# stego-uuid

A generator and verifier for steganographic numbers that look random

The standard use of this package is to generate a 64-bit number and use
this, along with a secret key, as input to the marking function.

Example:

```
secretHi = KeyHi64 12345 -- secret key hi 64 bits
secretLo = KeyLo64 67890 -- secret key low 64 bits
main :: IO ()
main = do
putStrLn "Is this marked?"
r <- randomIO :: IO Word64 -- get 64-bit random number
let x = mark secretHi secretLo r -- produce marked 128-bit UUID
print x
print (isMarked secretHi secretLo x) -- True
```

## Security considerations

This is a poor man's MAC. We use SHA256 to generate the second half of the UUID from the 64-bit
random looking input and the secret key. The small number of bits limits the security.

We will start getting collisions on the 64-bit random number after about 2^32 numbers are used.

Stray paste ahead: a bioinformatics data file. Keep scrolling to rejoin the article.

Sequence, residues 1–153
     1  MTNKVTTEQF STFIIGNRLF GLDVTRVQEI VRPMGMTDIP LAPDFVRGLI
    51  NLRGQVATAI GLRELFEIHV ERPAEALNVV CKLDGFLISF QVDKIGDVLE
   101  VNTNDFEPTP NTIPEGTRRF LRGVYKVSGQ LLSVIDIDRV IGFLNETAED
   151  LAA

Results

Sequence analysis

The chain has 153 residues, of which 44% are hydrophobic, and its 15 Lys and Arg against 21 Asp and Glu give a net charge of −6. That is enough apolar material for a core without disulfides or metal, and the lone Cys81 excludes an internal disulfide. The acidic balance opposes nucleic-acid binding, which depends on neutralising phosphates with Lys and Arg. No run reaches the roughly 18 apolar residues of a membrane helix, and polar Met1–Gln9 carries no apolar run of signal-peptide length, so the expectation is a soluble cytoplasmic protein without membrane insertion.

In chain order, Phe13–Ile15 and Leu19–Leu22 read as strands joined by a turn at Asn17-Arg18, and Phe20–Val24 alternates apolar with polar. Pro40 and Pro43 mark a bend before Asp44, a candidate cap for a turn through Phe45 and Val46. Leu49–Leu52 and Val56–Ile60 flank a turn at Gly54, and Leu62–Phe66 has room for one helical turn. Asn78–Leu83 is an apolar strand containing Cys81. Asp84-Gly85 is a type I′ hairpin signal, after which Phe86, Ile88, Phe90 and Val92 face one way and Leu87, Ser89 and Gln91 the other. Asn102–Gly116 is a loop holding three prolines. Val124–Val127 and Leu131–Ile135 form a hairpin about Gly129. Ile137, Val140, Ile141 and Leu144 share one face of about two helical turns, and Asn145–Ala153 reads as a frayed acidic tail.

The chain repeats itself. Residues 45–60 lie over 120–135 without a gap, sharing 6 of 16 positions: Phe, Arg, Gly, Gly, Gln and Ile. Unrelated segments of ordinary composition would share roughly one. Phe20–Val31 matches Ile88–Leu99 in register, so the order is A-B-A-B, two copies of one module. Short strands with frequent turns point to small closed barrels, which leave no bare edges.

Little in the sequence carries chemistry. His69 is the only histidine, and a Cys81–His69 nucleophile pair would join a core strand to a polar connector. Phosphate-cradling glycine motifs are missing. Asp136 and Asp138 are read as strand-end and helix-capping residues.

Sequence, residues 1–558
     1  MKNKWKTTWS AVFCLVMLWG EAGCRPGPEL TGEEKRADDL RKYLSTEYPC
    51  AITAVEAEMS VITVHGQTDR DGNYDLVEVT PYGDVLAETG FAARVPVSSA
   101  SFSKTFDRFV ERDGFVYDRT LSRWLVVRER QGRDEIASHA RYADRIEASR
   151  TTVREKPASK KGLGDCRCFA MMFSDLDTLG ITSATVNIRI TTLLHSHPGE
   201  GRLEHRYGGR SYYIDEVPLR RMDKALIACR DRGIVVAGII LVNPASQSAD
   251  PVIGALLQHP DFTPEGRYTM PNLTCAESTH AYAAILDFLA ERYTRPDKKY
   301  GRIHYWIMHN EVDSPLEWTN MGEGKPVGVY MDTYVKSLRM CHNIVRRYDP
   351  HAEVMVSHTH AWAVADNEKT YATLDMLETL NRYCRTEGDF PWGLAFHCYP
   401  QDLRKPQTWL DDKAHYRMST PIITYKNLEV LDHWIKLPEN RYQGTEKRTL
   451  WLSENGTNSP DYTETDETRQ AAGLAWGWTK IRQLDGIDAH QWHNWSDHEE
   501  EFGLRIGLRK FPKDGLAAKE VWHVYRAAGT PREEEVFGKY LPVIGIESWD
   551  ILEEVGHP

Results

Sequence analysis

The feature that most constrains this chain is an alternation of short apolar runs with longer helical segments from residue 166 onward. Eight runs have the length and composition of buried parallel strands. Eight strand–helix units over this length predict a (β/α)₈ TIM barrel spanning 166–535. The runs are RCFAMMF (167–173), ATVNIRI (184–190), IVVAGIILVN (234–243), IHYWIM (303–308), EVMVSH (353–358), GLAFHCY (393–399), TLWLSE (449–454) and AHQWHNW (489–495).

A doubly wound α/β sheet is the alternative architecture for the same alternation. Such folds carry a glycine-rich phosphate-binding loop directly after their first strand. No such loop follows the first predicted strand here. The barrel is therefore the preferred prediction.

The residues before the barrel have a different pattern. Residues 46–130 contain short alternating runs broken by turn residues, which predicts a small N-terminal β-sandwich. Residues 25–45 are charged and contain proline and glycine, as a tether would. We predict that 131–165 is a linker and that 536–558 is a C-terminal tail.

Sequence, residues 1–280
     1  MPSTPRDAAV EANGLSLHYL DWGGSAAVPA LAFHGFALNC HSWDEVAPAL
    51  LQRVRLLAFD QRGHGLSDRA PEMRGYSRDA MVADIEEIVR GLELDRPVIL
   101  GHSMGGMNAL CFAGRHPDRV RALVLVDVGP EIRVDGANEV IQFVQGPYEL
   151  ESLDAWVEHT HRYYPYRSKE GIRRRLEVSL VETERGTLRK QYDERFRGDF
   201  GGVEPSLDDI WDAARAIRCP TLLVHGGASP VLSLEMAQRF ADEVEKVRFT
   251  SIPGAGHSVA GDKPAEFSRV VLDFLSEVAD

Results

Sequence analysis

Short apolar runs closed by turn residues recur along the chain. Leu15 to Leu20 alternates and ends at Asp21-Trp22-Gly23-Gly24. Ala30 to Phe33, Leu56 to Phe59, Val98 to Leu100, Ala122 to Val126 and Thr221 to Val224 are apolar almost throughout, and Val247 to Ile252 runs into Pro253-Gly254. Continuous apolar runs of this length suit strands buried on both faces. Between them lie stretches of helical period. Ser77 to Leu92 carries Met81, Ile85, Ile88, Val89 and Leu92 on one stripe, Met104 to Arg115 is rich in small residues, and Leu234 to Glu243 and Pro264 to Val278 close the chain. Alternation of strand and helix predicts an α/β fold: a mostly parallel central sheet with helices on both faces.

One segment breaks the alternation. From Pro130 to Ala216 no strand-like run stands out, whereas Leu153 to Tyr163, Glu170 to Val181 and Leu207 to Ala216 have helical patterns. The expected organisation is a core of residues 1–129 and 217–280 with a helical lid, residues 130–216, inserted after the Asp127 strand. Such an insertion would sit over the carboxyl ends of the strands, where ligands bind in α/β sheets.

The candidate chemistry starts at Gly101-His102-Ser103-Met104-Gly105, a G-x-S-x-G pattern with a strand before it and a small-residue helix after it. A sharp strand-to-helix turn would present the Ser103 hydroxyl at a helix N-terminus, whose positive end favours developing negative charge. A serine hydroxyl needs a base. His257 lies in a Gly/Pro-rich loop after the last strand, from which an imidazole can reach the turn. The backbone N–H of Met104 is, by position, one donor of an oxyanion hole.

But this just means we will be providing the function with the same input, so the same output
will be produced.

### False Negatives

This is zero. If you produced the number with the `mark`

function, this number will always be
detected with `isMarked`

as long as you provide the correct key.

### False positives

This is false detection. We worry about a UUID that was *not* generated using `mark`

but is
detected as marked by `isMarked`

. (A malicious adversary can always replay any UUIDs known as
marked. Thus, we will consider only new UUIDs.)

Assuming SHA256 is a perfect pseudo-random function, its truncated output, i.e. the last 64 bits of
the UUID, does not leak any information about the secret key. Given a fixed secret key, for any
64-bit input (corresponding to the the first half of the UUID), there is a unique 64-bit output
(corresponding to the second half of the UUID). There is only one such output per 64-bit input. So,
the probability of finding such input from a random draw is 2^(-64). The adversary would have more
than a 1/2 chance of finding it after 2^63 guesses.

The adversary can only know a UUID is marked if it is able to differentiate the output of truncated
SHA256 from a pseudo-random function. I am unaware of any significant results in doing so. The key
is 128-bits in length, so going through all possible values is currently unfeasible.